Whose Side is Your Investment Professional Really On? How to Find Out

By Ron Ross | July 13, 2017

All too often, we hear from investors who feel disappointed, disgruntled or even downright furious about the treatment they’ve experienced at the hands of inept, inexperienced or unethical investment professionals. Unfortunately, this story is pretty common.

Ron Ross is a CFP, Certified Financial Planner and a 401(k) Financial Advisor with Premier Financial Group in Eureka Humboldt CountyHowever, as we tell clients, you don’t have to take it anymore. Here are three alternatives to settling for sub-par financial strategies.

Choose Strategic Wealth Management Solutions Grounded in Reality

Door Number One: You can wait for Wall Street to start feeling guilty and reform itself. As you might imagine, the chances of this actually happening are not so good.

Door Number Two: You can hope or lobby for the passage of government regulations aimed at preventing consumer abuse. Sadly, regulation isn’t a practical solution for the various abuses Wall Street piles on investors. Anyway, the industry is already heavily regulated and has been since the Securities Act of 1933; it's just that the existing regulations don’t offer real protection – think Sarbanes-Oxley and Dodd-Frank -- and no serious proposals appear to be in the works.

Door Number Three: You can educate yourself as to basic investment realities, thus becoming a better-informed investor.  

Of the three choices, Door Number Three makes the most sense to us. It’s feasible, attainable and doesn’t involve going back to college to earn a finance degree – and it will provide you financial peace of mind.

Will Pressure Lead Investment Firms to Change Their Ways?

As more investors choose the third solution, the chance of the first or second solutions actually happening increases. Wall Street will only change when enough consumers realize they’re being offered an inferior product at a very high price and get angry enough to apply pressure.

But until investors become better informed -- and less tolerant of ineptitude and marginal ethics --Wall Street will follow the path of least resistance. It’s up to investors to aim that path in a more beneficial direction. 

Until now, Wall Street has been able to take advantage of you because it knows more than you do. However, it’s possible to tilt the playing field to your advantage.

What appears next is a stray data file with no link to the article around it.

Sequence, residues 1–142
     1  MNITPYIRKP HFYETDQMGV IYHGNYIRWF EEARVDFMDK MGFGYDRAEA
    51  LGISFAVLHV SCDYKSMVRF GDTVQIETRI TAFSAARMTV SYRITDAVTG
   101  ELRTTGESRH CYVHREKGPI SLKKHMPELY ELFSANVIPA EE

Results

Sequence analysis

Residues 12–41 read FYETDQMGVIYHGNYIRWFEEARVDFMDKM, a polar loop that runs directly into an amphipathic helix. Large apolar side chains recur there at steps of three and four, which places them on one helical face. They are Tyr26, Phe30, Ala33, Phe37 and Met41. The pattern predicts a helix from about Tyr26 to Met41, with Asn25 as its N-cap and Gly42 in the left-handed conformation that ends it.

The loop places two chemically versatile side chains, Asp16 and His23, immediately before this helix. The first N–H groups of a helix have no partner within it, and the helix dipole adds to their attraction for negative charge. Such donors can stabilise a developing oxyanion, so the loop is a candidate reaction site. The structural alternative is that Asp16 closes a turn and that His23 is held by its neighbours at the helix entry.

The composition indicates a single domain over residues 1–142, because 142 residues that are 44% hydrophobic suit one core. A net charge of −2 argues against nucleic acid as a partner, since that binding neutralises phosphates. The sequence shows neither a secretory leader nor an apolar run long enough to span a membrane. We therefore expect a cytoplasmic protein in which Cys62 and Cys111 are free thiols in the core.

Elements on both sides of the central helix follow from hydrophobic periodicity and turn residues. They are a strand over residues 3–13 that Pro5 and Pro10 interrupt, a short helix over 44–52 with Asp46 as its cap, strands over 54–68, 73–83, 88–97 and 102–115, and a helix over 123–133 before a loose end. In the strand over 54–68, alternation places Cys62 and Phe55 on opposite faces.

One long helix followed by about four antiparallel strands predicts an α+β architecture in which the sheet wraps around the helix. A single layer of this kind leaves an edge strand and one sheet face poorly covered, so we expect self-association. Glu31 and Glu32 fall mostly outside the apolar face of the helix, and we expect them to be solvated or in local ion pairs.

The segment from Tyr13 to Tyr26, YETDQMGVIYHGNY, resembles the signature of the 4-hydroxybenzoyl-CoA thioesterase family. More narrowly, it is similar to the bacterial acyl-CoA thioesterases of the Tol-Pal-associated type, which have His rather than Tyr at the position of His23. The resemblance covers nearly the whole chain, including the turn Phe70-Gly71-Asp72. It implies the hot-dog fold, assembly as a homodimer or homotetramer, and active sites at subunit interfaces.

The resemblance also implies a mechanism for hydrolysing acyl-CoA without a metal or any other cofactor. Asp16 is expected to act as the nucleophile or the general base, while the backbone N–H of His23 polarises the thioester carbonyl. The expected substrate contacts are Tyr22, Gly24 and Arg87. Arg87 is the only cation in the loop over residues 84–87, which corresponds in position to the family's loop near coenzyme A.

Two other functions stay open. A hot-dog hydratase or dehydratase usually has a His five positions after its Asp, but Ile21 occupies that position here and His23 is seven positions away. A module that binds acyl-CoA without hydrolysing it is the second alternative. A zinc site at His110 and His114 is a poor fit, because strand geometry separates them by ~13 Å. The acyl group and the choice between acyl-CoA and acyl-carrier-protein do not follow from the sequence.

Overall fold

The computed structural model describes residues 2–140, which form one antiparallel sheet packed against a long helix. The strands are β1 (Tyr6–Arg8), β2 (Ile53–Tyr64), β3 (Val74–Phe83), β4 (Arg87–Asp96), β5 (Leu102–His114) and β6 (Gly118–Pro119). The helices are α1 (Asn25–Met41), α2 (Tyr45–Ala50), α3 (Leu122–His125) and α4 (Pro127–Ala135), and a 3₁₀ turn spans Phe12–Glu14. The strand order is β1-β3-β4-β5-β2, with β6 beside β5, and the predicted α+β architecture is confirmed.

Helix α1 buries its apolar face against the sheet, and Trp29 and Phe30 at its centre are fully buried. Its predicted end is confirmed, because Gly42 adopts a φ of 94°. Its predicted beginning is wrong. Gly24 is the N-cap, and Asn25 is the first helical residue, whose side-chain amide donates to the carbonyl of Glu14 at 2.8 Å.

Turning the Tables on Inept Investment Professionals

Ron Ross is a CFP, Certified Financial Planner and a 401(k) Financial Advisor with Premier Financial Group in Eureka Humboldt CountyBy educating yourself, you can turn the tables on Wall Street. After all, you need to know what you’re doing, because the so-called experts certainly don’t.

Consider the fact that Wall Street fleeces its investors legally, without resorting to force; rather, it all takes place within the context of voluntary exchange. But that doesn’t mean that the contest is equal. Wall Street’s got a major one-up on investors, namely familiarity with the system. Keeping investors off-balance is a full-time job, and one that Wall Street has powerful incentives to continue as long as possible.

Since Wall Street isn’t about to stop acting on its own best interest out of some sense of morals, it’s up to investors to break the pattern, opt out of the game, push themselves away from the table – and they can do it! After all, it’s investors’ money that’s being squandered, so they’ve got the most to gain from change, and thus the strongest incentive.

Don't Let Cognitive Dissonance Drive Your Wealth Planning

Finally, here’s some good news: There are superior alternatives to the defective Wall Street model. For decades, serious, highly regarded and impartial researchers have analyzed exactly how securities markets work – but to many investors, the academic model seems counter-intuitive, especially given the tendencies of the financial media to kowtow to Wall Street.

But though the Wall Street/gambling model may look more plausible on the surface, its underlying assumptions just don’t work. Until investors make an effort to peer beneath the surface, most won’t have the resolve and ability to resist the siren song of those who want you to support their gambling habit.

Of course, most investment professionals vehemently deny that they’re gambling. Some of them might even sincerely believe they can generate excess returns with their “beat the market” strategies… but they can continue believing this only by willfully remaining in obstinate denial of scientific evidence and even their own direct experience. Apparently, Wall Street is either home to the world’s slowest learners or they all have a bad case of cognitive dissonance.

Time for Change -- Choose Effective Wealth Strategies 

It’s bad enough that those who are supposed to be providing you with sound, prudent investment advice are actually just gambling with your money.

That’s why we feel that "active" wealth management strategies are a form of gambling that’s even more uncertain than the variety practiced in Las Vegas and Atlantic City. At least at a casino, you can compute your odds and probabilities. You don’t have that option when it comes to the beat-the-market game. There are simply far too many variables and unknowns.


Posted in Financial Planning